October 1, 2010

Emory Profile

Danielle Steele: LGBT pathfinder

Danielle Steele (left) and Michael Faccini

Danielle Steele can sympathize with students deliberately trying to ignore her at freshman orientation.

As the new program coordinator for Emory’s Office of Lesbian/Gay/Bisexual/Transgender Life, Steele understands that incoming students with parents in tow may be reluctant to approach her office’s blazing rainbow booth during the student activities fair. But that heightened visibility could lead them to drop by the LGBT resource room in the DUC, participate in a program and even grow more comfortable in their own skin.

“Once you come out, you’ve figured out who you are, and then you’re coming out constantly,” Steele says.

As a closeted undergraduate at the University of Tennessee in her hometown of Knoxville — and the first member of her family to attend college — Steele felt compelled to compartmentalize her sexuality. When she did come out as a lesbian at the age of 21, her loved ones generally were supportive and not at all surprised, she recalls.

For a time, Steele considered majoring in chemistry for its promise of clear-cut answers. Ultimately, however, she preferred shades of gray in human psychology, and went on to receive her Master of Education, concentrating in student development in higher education, at the University of Maine in Orono.

“My favorite part of my job at Emory is interacting with students and helping them realize their strengths and discover their own paths,” she says. “It’s pretty incredible to be at a place where your identity is embraced, at an institution committed to diversity.”

Creating safe spaces
Hired by Emory in June, Steele works with Michael Shutt, assistant dean for Campus Life and director of the Office of LGBT Life, to offer educational programming, training, resources and a support network for students, faculty and staff on issues of sexual and gender identities.

The LGBT office sponsors the Safe Space program, a training session held once a month that raises awareness of issues facing lesbian, gay, bisexual, transgender, queer and questioning communities to create positive change.

Since 2007, the program has trained 400 people, who contribute to an affirming campus culture by displaying Safe Space stickers in their classrooms, work spaces and residence halls.

Steele also coordinates meetings twice a semester for student leaders of all the undergraduate and graduate LGBT groups on campus to exchange best practices.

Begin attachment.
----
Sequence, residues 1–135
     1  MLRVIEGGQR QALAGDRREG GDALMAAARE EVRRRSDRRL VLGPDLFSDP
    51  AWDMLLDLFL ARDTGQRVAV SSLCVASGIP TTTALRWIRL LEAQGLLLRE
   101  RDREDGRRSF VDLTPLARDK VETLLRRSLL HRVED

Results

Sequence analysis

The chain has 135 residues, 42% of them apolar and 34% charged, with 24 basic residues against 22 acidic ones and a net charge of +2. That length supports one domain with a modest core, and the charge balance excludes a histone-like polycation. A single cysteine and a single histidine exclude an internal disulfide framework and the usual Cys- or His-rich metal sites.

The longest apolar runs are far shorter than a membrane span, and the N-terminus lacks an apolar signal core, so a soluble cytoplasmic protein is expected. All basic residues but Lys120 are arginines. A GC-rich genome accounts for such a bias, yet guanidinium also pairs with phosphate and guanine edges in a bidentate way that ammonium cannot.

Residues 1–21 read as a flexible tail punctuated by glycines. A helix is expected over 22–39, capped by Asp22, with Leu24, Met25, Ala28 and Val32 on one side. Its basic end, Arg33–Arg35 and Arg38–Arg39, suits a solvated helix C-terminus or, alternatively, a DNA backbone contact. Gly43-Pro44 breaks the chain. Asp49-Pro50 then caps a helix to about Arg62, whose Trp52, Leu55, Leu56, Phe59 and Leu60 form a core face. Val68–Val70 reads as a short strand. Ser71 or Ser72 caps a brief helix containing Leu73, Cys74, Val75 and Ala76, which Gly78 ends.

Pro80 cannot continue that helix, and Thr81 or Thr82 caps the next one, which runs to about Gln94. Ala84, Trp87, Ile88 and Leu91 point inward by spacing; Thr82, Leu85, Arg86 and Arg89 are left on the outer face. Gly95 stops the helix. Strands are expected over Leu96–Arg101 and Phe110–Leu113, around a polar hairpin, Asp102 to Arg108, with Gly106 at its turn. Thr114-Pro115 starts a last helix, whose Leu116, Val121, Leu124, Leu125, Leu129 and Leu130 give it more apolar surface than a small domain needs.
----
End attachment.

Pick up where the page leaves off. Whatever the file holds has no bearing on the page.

She helps organize as many as 10 programs a semester, including several events planned for LGBT History Awareness Month in October.

Among them are a screening of a documentary about the queer movement in modern China, and a drag show where top administrators don fishnets and cummerbunds to raise money for student leadership opportunities.  

That other Danielle Steel
New to campus, Steele admits she often gets puzzled looks over a name she shares with the best-selling romance novelist whose work she read once.

“It was very good for that particular genre,” she pronounces diplomatically.

Steele’s parents gave her the famous moniker not entirely by accident. While searching for a name, they caught a glimpse of a banner proclaiming “Danielle is coming” for a publicity event. They took it as a sign – literally. As a result, complete strangers now approach their daughter to dish about the sordid romantic escapades of the five-time divorcee author.  

The younger Steele takes it all in stride. A repeat visitor to amusement parks, she admits that she doesn’t relish risks but enjoys thrills.   

“A ride on a rollercoaster can cure just about anything,” she says. “Even if it only lasts two minutes.”

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Related Information

  • Check out the following events planned for October’s LGBT History Month at Emory:

  • NOH8 Campaign and Coming Out Stories: Oct. 8-22; Dobbs University Center Gallery

    Atlanta Pride: Oct. 9-10; Piedmont Park (Emory will be represented in the parade and at an information booth.)

    Atlanta Queer Literary Festival at Emory: Oct. 15, 2-5 p.m.; Emory Bookstore

    Screening of “Queer China, 'Comrade' China”: Oct. 20, 7 p.m.; Harland Cinema

    Emory Drag Extravaganza: Oct. 29, 10 p.m.; Glenn Memorial Auditorium